WordPress Reading Settings
Define your home and blog page
To make the best use of your theme templates, you should tell WordPress which one of your pages is the home page and which one contains your blog. By default, WordPress will set your homepage as a blog which may not work for you.
To change it go to Settings > Reading and you will see two choices at the top. If you’re happy with your blog being on the home page, you can leave the first option selected. Otherwise, check the second one and select both, your home and posts page from the dropdowns.
Set up the number of posts per page
By default, WordPress is set to show ten blog posts per page. To change this, go to Settings > Reading and change the number of posts to any number of your liking. For loading purposes, we recommend you don’t show more than 15 posts per page.
Set up search engine visibility
Make sure you leave this option unchecked as this will allow search engine bots to index your website. The only good reason not to do that is if your website is not yet ready to welcome visitors because you’re still working on it.
To let search engine bots do their job, go to Settings > Reading, navigate to the bottom of the page, and uncheck the box.
WordPress Discussion Settings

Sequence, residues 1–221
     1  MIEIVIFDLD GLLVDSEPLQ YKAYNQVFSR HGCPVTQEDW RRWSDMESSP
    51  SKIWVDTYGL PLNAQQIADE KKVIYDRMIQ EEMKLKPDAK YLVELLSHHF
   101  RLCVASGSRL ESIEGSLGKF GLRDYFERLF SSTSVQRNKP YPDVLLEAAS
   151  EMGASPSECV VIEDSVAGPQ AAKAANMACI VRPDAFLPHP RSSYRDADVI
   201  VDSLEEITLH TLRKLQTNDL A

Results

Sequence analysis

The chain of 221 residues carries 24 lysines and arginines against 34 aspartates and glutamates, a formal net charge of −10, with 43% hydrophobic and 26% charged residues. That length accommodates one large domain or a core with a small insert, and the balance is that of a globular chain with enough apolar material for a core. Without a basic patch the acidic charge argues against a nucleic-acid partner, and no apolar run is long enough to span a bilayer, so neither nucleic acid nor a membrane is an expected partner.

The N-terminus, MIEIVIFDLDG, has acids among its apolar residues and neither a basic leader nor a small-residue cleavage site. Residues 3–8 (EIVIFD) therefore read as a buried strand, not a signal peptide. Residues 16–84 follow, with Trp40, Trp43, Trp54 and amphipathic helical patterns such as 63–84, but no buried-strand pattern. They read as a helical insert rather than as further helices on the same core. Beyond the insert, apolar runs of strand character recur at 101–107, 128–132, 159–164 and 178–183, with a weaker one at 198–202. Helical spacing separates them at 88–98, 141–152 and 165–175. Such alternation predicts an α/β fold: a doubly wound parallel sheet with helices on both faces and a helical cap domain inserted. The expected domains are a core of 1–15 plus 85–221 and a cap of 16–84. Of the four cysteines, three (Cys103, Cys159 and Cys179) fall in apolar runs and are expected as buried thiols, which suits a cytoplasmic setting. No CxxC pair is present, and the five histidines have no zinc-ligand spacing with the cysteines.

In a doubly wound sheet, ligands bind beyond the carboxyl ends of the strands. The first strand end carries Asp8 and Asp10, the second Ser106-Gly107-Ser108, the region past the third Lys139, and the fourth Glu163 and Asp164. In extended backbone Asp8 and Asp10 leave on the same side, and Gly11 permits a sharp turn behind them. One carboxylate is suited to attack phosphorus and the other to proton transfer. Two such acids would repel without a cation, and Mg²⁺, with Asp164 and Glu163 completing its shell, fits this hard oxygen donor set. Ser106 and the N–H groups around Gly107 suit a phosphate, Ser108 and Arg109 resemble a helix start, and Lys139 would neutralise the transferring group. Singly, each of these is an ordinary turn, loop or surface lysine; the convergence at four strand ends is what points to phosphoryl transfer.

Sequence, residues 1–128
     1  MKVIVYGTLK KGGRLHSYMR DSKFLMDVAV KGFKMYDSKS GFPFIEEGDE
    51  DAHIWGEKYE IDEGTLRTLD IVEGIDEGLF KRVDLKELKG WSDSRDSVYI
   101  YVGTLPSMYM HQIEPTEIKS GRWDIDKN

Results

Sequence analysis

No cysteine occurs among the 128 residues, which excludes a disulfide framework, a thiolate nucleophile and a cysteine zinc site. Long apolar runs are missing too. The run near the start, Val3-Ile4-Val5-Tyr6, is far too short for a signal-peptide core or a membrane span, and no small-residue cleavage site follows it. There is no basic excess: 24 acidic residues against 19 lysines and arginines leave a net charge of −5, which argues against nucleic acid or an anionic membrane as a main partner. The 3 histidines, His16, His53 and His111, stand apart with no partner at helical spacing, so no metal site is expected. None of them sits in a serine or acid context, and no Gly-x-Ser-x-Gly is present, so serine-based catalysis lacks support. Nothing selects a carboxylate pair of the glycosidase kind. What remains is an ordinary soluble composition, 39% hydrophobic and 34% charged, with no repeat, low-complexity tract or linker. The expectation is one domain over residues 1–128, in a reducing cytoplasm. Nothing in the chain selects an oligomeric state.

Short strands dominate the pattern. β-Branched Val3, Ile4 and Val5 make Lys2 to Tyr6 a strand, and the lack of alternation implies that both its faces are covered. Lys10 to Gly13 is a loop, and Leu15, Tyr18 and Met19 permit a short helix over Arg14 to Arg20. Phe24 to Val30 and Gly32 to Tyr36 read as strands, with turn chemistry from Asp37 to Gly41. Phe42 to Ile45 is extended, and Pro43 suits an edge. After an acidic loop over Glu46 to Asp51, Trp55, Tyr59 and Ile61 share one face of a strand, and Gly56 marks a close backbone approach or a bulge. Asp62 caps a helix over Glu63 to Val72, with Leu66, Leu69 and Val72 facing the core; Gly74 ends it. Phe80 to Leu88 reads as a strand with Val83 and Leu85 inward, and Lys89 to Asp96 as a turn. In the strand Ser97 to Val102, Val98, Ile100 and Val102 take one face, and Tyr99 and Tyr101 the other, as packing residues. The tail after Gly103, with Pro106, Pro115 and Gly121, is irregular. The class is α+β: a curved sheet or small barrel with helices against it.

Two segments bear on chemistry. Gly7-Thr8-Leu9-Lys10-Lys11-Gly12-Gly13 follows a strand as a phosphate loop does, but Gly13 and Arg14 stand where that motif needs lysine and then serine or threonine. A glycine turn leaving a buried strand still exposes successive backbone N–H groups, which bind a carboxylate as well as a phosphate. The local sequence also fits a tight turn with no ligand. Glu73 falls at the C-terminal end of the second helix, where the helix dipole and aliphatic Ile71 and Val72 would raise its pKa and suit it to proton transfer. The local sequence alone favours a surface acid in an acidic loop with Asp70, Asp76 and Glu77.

Configure WordPress comments
If you want visitors to leave comments on your blog posts, you need to set this up correctly. Go to Settings > Discussion where you will find all comment settings that will be applied sitewide (you can later disable comments on a particular blog post if you want to).
For most blogs, the following options should be checked:
- Attempt to notify any blogs linked to from the article,
- Allow people to post comments on new articles,
- Comment author must fill out name and email (forcing users to leave their email gives their comment credibility)
- Enable threaded (nested) comments at least 3 levels deep (so users can reply to each other in a thread)
- Comment author must have a previously approved comment (to make sure spam comments don’t get published on your blog)